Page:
11

v After we viewed the body in its casket My great-grandfather explained, outside, How bricks, ground back into red dust, Were part of the dirt we stepped on, And houses, buried under deep layers, Were forgotten and built upon; until I saw Bones sprouting hard buds In the graveyards,, like potatoes left too long In a dark kitchen cabinet.

VI I was six. They lifted me up to see the uncle. I could not tell what it was, But knew the half-shown thing Was not a man; Digging, at eight, the cut of a root surprised me: I drew back, tearless, staring at the deep Loam-crammed wound beginning to bleed. Inside, rinsing the cut under the tap, I saw with wonder into my own flesh.

12

Meditation in Loudoun County

The Pontiac Is a natural object. Ice melting on its hood Trickles along a warp to the front end, Drips from chromed fenders to the gravel Making ticking sounds. Expanding metal, Late spring. Bloomed honeysuckle wavers in the chainlink, Wilting. Still the car sits still: its metal, Bled up through dulled enamel, rusts In the hot sun of the front yard, Throttled By dried weeds. Punctures open into crusts. Dead, flat enamels pucker into blisters. Chromes flake and sprinkle gravel. A pale dust Coats the hubcaps. If truth Is up on cinderblocks in the noon sun, The color leaches from its dented door. All day sun burns into the battered hood. The earth is conservative. The car sits still.

13

Desire

Some change of body or some change of mind Has cleared the world I found This morning, dried Like an old sheet hung out in the sun. I found a scorched past Cooled of its smoke and spent. The air tasted of it, but refreshed And filtering; Above, beyond the 'field fallen to char, The necessary world was still alive. The cracked and scattered woods Wore fuel Gathered from years of standing in the sun, Rooted in tight channels of dirt; To one side, almost leveled for new growth, The junk was blackened back to element, Though here_and there, a magazine or tire Smoldered Flickering back toward value, to be lost. Whatever the old life had been Was a stain lifted on the oil of my thumb. The day Was stripped of squandered purposes, And the gloss of vision buckled to what was there.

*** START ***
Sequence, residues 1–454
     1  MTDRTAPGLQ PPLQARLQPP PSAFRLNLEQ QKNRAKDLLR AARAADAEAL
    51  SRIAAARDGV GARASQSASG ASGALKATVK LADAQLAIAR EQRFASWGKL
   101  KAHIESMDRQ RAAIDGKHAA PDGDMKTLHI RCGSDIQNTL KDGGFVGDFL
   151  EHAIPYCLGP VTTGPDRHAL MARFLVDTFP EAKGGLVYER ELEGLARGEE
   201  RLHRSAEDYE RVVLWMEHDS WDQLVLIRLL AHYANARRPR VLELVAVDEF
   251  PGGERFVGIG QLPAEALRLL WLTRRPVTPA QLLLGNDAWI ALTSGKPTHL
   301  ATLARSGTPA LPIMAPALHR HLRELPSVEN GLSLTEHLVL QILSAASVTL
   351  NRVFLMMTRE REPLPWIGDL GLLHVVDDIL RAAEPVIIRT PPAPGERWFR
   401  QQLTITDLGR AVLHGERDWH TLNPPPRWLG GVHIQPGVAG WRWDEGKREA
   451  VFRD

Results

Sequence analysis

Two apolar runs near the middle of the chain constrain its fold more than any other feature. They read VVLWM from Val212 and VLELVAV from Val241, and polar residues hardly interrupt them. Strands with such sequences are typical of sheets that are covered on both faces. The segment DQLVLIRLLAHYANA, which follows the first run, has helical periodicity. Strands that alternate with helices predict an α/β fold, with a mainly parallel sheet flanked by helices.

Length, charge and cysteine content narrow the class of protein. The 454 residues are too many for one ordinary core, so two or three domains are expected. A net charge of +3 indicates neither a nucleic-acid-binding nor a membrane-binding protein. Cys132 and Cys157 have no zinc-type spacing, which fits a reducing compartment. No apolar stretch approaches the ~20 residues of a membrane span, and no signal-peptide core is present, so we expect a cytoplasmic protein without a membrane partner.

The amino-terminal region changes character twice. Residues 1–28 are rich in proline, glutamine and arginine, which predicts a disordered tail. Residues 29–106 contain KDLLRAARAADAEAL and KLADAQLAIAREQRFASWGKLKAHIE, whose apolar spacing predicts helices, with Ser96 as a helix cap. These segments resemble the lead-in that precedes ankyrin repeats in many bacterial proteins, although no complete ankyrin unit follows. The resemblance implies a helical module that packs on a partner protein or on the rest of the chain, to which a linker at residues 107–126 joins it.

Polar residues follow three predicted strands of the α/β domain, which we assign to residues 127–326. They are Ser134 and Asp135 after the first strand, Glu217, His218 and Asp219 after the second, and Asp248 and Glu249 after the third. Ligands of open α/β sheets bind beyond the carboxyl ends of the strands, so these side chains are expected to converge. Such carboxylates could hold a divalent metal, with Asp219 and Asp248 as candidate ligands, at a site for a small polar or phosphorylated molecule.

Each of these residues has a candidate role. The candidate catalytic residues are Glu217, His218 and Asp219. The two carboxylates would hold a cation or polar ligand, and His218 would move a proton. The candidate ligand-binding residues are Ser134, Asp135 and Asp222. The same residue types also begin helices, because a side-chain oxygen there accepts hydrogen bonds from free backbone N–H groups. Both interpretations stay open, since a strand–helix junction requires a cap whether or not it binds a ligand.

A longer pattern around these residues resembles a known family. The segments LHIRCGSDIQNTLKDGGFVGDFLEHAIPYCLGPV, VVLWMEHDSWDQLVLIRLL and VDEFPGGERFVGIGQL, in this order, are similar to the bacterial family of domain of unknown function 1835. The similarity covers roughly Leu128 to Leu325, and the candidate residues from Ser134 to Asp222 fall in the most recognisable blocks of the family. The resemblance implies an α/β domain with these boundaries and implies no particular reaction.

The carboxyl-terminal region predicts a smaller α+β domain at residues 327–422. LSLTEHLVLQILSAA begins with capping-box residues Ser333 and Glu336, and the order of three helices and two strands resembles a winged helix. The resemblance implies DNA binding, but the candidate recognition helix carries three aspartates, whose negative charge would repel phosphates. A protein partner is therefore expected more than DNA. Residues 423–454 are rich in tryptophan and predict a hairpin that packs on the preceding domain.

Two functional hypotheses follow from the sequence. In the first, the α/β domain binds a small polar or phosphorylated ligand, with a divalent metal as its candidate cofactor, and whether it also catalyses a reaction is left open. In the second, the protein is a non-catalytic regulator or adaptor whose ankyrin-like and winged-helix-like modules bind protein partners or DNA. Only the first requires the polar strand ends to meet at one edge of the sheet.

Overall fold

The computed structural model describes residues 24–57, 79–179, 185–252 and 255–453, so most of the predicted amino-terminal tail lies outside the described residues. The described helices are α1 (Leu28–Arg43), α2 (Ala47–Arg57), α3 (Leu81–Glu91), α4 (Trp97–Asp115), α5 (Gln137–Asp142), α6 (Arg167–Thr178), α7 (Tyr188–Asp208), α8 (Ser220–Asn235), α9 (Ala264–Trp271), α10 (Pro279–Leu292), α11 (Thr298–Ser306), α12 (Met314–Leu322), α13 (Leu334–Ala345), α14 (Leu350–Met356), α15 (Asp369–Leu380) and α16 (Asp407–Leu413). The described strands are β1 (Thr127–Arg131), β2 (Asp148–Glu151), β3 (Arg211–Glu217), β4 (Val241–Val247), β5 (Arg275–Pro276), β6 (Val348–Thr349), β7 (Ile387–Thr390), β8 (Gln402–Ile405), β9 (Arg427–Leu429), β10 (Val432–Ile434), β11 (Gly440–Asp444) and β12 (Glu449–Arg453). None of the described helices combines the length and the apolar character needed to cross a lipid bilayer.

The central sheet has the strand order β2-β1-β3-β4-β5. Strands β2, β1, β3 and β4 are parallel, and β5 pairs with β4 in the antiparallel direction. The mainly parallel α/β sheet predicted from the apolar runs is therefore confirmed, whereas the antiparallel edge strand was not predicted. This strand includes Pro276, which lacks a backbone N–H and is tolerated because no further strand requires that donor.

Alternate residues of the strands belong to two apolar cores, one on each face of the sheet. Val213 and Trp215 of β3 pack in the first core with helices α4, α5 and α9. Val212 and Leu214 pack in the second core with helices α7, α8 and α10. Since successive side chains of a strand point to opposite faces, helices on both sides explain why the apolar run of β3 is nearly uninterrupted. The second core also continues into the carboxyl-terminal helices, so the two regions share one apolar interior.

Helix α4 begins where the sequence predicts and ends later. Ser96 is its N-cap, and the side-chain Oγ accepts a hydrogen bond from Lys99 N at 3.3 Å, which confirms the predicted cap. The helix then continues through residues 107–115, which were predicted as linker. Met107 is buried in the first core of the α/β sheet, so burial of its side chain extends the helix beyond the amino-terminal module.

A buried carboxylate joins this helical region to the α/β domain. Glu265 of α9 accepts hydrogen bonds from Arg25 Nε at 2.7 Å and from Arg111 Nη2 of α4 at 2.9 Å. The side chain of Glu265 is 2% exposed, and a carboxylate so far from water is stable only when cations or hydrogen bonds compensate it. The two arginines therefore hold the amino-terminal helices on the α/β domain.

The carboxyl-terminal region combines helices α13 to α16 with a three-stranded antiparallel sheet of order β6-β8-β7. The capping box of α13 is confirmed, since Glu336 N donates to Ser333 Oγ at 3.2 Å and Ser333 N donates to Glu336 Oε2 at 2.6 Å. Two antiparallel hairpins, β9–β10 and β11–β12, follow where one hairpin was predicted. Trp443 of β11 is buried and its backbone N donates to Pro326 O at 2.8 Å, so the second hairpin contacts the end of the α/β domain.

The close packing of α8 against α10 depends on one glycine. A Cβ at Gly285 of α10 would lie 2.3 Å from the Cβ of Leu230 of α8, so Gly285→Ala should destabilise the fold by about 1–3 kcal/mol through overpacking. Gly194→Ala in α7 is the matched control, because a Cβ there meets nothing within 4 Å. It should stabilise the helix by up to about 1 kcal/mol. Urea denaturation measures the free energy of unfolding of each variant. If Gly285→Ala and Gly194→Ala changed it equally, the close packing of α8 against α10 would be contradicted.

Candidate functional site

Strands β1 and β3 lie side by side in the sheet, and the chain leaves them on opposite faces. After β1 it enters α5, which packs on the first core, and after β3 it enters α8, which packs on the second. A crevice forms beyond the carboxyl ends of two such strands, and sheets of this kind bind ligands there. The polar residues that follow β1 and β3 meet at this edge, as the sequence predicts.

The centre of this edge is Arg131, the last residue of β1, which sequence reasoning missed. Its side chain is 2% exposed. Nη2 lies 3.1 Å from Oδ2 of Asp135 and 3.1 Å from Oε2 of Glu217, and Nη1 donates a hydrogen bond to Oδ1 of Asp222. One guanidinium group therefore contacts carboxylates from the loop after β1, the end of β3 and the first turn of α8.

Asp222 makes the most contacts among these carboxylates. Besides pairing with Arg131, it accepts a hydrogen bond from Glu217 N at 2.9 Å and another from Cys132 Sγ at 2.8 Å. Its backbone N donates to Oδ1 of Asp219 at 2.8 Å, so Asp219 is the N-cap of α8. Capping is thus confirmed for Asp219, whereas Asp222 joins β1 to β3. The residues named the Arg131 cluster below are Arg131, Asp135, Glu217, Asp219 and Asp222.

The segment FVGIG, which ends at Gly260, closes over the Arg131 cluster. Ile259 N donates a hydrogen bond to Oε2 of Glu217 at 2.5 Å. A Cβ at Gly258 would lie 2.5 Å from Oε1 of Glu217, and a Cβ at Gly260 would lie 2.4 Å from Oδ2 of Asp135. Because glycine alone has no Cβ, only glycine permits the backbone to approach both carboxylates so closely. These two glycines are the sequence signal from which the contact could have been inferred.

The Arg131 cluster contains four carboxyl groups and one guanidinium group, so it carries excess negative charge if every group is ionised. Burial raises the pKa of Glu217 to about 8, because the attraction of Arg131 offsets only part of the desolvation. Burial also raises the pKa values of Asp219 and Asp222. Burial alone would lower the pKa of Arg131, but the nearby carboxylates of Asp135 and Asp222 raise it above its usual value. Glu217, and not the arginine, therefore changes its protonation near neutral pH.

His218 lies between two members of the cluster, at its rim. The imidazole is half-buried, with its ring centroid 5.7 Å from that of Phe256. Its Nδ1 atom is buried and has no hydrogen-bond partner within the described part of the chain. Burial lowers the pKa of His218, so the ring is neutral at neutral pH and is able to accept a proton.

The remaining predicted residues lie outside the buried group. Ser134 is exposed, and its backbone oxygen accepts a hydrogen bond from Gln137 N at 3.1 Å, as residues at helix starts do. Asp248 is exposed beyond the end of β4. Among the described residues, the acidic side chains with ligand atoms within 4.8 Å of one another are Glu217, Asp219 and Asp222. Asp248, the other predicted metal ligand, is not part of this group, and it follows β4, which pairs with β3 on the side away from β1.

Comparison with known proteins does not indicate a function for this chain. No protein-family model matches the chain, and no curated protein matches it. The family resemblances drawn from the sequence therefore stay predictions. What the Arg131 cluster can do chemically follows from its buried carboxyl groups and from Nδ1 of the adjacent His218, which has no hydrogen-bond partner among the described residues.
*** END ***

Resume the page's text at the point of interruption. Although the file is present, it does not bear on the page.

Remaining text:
14

So I toured This new, unwanted ground Animals scavenged on, Which soured with depletion and exhaust Whenever the wind changed. What I had survived I saw a little of, but nothing more Than a broken heel, the fragment of a glass, The dirty water Screwed to a drain. The lost heat Had withered me alive and made me lean, As though I had, stripped naked in this field, Been blistered to coarse essence Until there was no defense or need of such. My brain was in my skin. Then over the damp ash Moving air Crossed the uneven stakes of abandoned plots, Unraveling scraps of twine; and the wind Ranged out and sifted through The wide-open expanse of blackened grass And wreck of motives, Uncovering What could not be consumed

IS

To a day All residue and freshness, As if fire Burned appetite away And left desire.

16

Standing in a Clearing

What will you do, the large world Scattered behind you, leaves a live red? As dead branches crack under your feet And you look across The tilted face of a stump At stories of orbit and eclipse In a whorl of sawmarks, What will you do? In this inexpedient place, Sun eats the heavy paint From 55-gallon drums; Your whirled nerves Are worth no more than leaves, your fingernail Is dead as the branch your foot lifts. What will you do? The pattern of past growth Circles its axis of origin, hardening In its own acids; but can still become Whatever you want to make of every day Of the long years Stored in the pine stump like a battery. Here, dialectic washes in the mud. What, the world your wood, Will you do with life Explosive in the sun In its chemical miracle, Consumed as you are in this place, In the moment of your hand

17

On the motor housing, Fingering marks of dried gasoline? Afoul of fall, the leaves Are fouled with all, fluttering, falling, Found underfoot, A sound underfoot, Rot under root, Barked with the brown of days, done, down, All ground and sand unsound underfoot; And with your ~nly life Widening from a point Of origin, and bound By dark encircling crust, you stand Almost autonomous, Ringed by the fallen bronze Of the trees Which rise between down and none And noun and done, To choose whatever you can If you can As all the stained wood is dyed and dries. These motley leaves Are made the fools of fall; Now that the air has made a fuel of all, An unclogged ooze of days Wrung from the trees, A rotten ripeness looks from every pool. Tasting fall in the fell cool of the wood, what

18

Are you going to do with your life? After the caught Noise, vibrant rasp, and rise Of chainsaw sounds You are The gasoline motor shaking in your hands, The smell of fuel, The readiness of air.

19

Thomas Eakins: Max Schmitt in a Single Scull

Eakins looks toward the vivid bridge, The mechanism of his brush and eye Surgical and objective as a lens. The ochres of a Pennsylvania fall Fuzz toward the sky, the moment's poise preserved And justified. The second bridge is red, Deciduous branches bare. Red maple leaves Grip sapless limbs. Mud flattens toward the water Slipping under. By the first bridge a canoe Is red and holds three men; a second scull Moves pocking water with the pull of oars, Its slaps just fading. Mallards fuss and drift, A scull mosquitos by the distant bank. Schmitt drifts back in the vivisected day.

20

Glimpse of Terrain